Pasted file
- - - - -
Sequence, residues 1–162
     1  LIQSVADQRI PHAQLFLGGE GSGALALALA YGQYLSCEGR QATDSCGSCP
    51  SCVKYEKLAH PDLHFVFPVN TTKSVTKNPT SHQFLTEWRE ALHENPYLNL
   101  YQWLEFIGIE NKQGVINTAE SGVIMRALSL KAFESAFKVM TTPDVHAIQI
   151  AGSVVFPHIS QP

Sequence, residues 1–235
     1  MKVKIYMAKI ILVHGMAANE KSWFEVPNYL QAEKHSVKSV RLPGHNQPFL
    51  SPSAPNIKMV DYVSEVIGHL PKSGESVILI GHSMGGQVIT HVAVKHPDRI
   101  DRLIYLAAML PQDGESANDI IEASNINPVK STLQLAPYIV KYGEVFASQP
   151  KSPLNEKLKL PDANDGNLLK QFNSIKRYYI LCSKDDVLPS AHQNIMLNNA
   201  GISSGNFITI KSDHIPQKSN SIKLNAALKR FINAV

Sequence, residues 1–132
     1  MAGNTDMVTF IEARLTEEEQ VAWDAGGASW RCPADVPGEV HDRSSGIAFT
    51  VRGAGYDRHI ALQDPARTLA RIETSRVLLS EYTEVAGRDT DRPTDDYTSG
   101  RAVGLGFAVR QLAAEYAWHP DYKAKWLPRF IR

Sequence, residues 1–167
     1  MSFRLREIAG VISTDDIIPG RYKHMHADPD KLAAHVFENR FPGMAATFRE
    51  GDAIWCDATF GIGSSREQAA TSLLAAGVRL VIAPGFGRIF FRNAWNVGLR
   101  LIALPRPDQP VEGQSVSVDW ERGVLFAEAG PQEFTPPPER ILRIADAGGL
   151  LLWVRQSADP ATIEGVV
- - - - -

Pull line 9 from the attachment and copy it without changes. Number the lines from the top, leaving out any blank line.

   101  DRLIYLAAML PQDGESANDI IEASNINPVK STLQLAPYIV KYGEVFASQP